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You ask and do not receive, because you ask with wrong motives, so that you may spend it on your pleasures. (James 4:3)
You ask and do not receive. This person is haphazard in his asking God for things, mostly going to God when something bad happens in his life, or he wants to ask for something. The other problem here is that some pray about things that are not needed or according to God’s will and purposes. We want to pray about anything that might affect our relationship with God. (Philippians 4:6-7) The example prayer that Jesus gave the apostles shows that we should pray about God and his purpose. We can pray about material needs, our sins, and help to resist temptation. (Matthew 6:9-13) James is referring to persons who offer selfish prayers. We should only pray for things that correspond to the will of God. (1 John 5:14) Think of those praying at a Friday night football game. Think of those who pray for success in their worldly jobs that would give them no time for church or family. God listens only to the prayers of those who have a righteous standing before him. If our prayers are to be heard by God, we must make every effort to live a Christian life based on a correct understanding of the Bible. (Proverbs 15:29; 28:9) We must be humble when we pray. (Luke 18:9-14) We need to pray on behalf of the prayers we make. It does no good to pray for deeper Bible knowledge and then seldom study the Bible. God will know we have faith even before we pray, but there needs to still be an outward display that we really mean what we say. Only then will God consider our prayers. (Hebrews 11:6) I say consider because he does not answer all prayers with an affirmative. Sometimes, the answer is a no.
Because you ask with wrong motives. We should not pray with self-indulgence and carnal pleasure.
So that you may spend it on your pleasures. This is the same Greek word used back in 4:1. The usual meaning of the word (ἡδονή hēdonē) is commonly applied to the pleasures of sense and thence denotes sexual desire, pleasure, appetite, lust. In 4:1, it did not have that sense but does so here in 4:3, sensual pleasure or carnal appetite. Some are praying for things that would bring themselves or their family a comfortable living, financial security, and good health, which is a proper desire. However, others are seeking a luxurious lifestyle. Or some have been fortunate enough to become wealthy, and the wealth corrupted them to the point of desiring more and more, even being so bold as to pray for it. We need to examine our motives with the most vigorous scrutiny. The desire for more, or excessively more than is needed, can cause us to be deceived into thinking such prayers are acceptable. God does not expect us to live like monks or even have our basic needs met, to live check-to-check. He has no problem with the desire for a safe and secure life where you are not always anxious over the next meal. But those being addressed by James are a different story.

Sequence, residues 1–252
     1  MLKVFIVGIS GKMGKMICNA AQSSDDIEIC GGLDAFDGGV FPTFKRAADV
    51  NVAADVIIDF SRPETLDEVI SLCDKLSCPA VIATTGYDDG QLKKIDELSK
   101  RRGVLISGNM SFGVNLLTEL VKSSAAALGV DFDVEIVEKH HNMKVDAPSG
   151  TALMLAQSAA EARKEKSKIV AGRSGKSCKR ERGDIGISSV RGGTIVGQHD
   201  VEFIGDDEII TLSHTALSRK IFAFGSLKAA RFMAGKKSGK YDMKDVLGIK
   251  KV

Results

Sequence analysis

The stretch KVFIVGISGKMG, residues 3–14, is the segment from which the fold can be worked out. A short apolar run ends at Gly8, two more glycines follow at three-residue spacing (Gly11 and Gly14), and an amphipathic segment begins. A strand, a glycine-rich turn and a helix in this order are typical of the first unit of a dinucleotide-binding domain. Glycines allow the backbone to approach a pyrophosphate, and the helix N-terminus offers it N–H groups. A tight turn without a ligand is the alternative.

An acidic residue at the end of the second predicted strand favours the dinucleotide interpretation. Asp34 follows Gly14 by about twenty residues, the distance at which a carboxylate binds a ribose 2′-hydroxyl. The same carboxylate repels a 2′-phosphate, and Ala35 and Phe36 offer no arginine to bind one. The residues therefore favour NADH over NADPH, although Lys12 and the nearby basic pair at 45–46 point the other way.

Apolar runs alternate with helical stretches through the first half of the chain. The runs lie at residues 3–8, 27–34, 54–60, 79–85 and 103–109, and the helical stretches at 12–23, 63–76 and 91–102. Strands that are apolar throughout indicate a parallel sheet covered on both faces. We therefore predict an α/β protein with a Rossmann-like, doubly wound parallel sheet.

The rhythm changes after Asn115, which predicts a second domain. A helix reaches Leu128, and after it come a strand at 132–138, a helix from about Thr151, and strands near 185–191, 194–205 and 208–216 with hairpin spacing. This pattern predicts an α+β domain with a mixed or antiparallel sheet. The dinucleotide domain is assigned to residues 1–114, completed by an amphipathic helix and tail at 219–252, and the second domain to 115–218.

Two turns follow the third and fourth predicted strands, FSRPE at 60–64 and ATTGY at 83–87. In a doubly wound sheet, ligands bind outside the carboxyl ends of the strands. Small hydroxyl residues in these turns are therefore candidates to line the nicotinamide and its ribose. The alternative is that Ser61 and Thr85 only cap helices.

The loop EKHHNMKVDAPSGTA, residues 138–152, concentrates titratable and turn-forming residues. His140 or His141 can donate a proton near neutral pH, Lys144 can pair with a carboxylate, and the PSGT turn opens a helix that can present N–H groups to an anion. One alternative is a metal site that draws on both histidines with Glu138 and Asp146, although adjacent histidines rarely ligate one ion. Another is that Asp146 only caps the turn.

Their prayers were toward selfish ends, as they had the wrong motives. We think of Jesus’ parable of the Prodigal Son, as he initially sought to waste his father’s money on his selfish needs. (Lu 15:14) Paul tells us that there is a “constant friction among people, who are depraved in mind and deprived of the truth, imagining that godliness is a means of gain.” (1 Tim. 6:5) Jesus said that our prayers should cover the basics of “our daily bread.” (Matt. 6:11) He said that we should ‘seek first the kingdom of God and his righteousness, and all these things will be added to us.’ (Matt. 6:33) Again, any do not realize that God does not listen to everyone’s prayers, just those of the righteous. Who are the righteous? They are those who are doing their best in their circumstances to live by God’s Word daily. (Pro. 15:29; 28:9) We must be humble when we are praying. (Lu 18:9-14) Again, we need to evidence our prayers by working on behalf of those prayers. It would do very little good to pray to God to find a job and never fill out applications or go on job interviews. It will do very little good to pray for better health and then eat at only fast-food restaurants and unhealthy foods and snacks at home, and no exercise. It evidences our faith when we work on behalf of what we pray for, as this is what God expects.
We are fooling ourselves if we are using God in our prayers simply for what we can get out of him. This sort of prayer is actually idolatry. How, we may ask, is it idolatry? The pagans believe they can force a god to give them whatever they want by using unique words or phrases in their prayers. Jesus told us plainly, “your Father knows what you need before you ask him.” (Matt. 6:8) We can pray for things, but what we pray for must be in harmony with God’s will and purposes. If we are praying for a job that will require us to work 65 hours a week, causing us to have no family life and miss our Christian meetings, do we believe that God is going to bless our efforts?